Rachelle Gaudet will forgive you if you mistake the colorful, spaghetti-like shapes displayed in six small framed pictures on her office wall for modern art.
That’s because Gaudet, a professor of molecular and cellular biology (MCB), also sees beauty in the images, which depict proteins whose structures were worked out by two of Gaudet’s mentors, Paul Sigler at Yale and Don Wiley at Harvard.
Today, Gaudet, students, and fellows in her Northwest Building laboratory specialize in structural biology, studying how form influences function in large biological molecules. In nature, several factors can influence how a molecule behaves. The most basic involves the atoms that make up the molecule. A molecule made of oxygen and hydrogen will behave differently, for example, than one made up of nitrogen, hydrogen, and carbon.
But a molecule’s physical structure also can be important, particularly in the case of biological molecules such as proteins, which contain thousands of atoms. Such long molecules naturally fold in on themselves, creating intricate structures that can expose certain atoms and hide others. A protein molecule can change how it functions by exposing or hiding active sites, or sets of atoms with particular properties like the ability to attract other molecules, among its structural folds. It’s the same molecule; it just behaves differently. Proteins can be affected by many chemical and physical cues.
Take heat, for example. Gaudet is studying the structural biology of people’s perception of temperature, specifically how we sense hot temperatures. Embedded in human nerve cell membranes are proteins called TRPV1, made up of roughly 800 amino acids. Four of these enormous molecules form a single functional unit, or channel. When TRPV1 channels detect temperatures above about 40 degrees Celsius, or 104 degrees Fahrenheit, the molecules change shape and create a pore in the membrane. This allows charged ions to cross into the cell, creating a “hot” signal that travels down the nerve cell to the brain.
Though our hot-sensing protein, TRPV1, is normally triggered by temperature, Gaudet said it also responds to the chemical that gives chili peppers their heat, capsaicin, which is why people feel extreme heat when they eat chilies, but they leave no lasting damage.
Three people in Gaudet’s lab are dedicated to figuring out the 3-D structure of that temperature-sensing protein, she said. So far, they have discovered several mechanisms by which these temperature-sensing channels adapt to their stimulus, either increasing or decreasing their sensitivity, depending on conditions.
Another major research focus, being conducted in collaboration with Professor of Neurobiology David Corey at Harvard Medical School, centers on the sense of hearing. When a sound wave strikes the ear, it vibrates a bundle of hair cells. The physical stimulus of the hair bundle motion is transformed into an electrical signal that travels along the auditory nerve to the brain, where it is perceived as a sound. Gaudet and Corey are studying proteins that convey the mechanical tension generated by the vibrations to the hair cell protein channels that generate the resulting electrical signal.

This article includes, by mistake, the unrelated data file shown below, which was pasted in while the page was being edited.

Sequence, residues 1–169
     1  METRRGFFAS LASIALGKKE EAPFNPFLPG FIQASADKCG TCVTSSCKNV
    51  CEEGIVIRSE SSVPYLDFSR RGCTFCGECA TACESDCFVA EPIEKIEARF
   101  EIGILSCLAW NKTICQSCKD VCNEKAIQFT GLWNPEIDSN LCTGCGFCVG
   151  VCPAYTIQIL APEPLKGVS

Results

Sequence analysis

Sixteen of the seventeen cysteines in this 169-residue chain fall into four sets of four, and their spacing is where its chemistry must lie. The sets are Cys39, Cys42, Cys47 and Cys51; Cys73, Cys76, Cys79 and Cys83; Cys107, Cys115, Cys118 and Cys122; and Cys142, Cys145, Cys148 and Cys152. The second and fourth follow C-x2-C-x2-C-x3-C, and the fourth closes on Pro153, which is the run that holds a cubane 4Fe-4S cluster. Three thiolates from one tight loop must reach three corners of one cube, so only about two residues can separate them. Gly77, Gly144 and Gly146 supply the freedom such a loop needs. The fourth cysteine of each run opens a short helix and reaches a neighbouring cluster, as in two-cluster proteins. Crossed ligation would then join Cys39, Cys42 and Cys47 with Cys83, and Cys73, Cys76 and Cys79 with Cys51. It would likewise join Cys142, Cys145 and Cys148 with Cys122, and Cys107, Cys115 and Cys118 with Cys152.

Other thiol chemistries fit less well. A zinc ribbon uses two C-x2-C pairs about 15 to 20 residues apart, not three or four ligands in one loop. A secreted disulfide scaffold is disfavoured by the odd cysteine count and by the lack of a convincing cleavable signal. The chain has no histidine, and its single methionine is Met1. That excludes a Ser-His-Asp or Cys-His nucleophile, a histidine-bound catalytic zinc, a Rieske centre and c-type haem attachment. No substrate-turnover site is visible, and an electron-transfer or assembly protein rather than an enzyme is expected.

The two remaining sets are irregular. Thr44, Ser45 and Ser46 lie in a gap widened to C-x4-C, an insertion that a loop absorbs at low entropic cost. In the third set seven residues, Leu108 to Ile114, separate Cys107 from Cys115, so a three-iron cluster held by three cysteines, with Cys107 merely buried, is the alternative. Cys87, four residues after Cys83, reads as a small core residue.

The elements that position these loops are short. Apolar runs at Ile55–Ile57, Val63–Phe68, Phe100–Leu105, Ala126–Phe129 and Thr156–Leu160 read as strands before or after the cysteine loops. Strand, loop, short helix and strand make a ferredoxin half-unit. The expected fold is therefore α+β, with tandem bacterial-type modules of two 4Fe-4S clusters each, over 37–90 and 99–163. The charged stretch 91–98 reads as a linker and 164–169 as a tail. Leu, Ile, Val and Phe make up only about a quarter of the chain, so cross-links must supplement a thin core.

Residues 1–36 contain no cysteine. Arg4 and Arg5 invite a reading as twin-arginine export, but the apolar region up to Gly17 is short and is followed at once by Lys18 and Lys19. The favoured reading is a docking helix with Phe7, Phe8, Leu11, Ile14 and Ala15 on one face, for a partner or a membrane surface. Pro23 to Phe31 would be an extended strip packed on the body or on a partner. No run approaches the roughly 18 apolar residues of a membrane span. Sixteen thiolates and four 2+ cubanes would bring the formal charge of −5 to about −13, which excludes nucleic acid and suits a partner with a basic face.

Proteins like the hot-sensing TRPV1 and the hair cell apparatus that senses vibrations and motions play a key role at the intersection of the physical stimulus and its transformation into an electrical signal that travels to the brain. Such proteins fascinate Gaudet the most.
Gaudet, who was named a professor of molecular and cellular biology earlier this year, has long been interested in the structures around her. She grew up thinking she would become an architect, because that would allow her to blend her scientific and artistic sides. But she was drawn further to science through a high school chemistry class.
“I’m not an architect, but I study the architecture of proteins,” Gaudet said.
During her undergraduate studies at the University of Montreal in her native Canada, a course on enzymes had a heavy focus on the structure of the molecules. Gaudet realized that if she understood the structure, she could better understand how the molecule worked. That knowledge of the importance of structure put her on the present path of her work.
Gaudet received a doctorate from Yale in 1998, with Sigler as her adviser, and came to Harvard to do postdoctoral work in the lab of Wiley. She became an assistant professor of molecular and cellular biology in 2002 and an associate professor of MCB in 2006.
Gaudet could have had a promising career in corporate research, but enjoys the mentoring relationship with students and fellows too much to give up what she does. She looks back fondly on her time in the labs of Sigler and Wiley, and said she tries to be as supportive a mentor as they were. Gaudet also serves as head tutor for undergraduate students in the MCB concentration.
“One of the main reasons for me to be in academia is interactions with students and other trainees, like postdoctoral fellows,” Gaudet said. “I get as much satisfaction seeing trainees grow as scientists as I do from research findings.”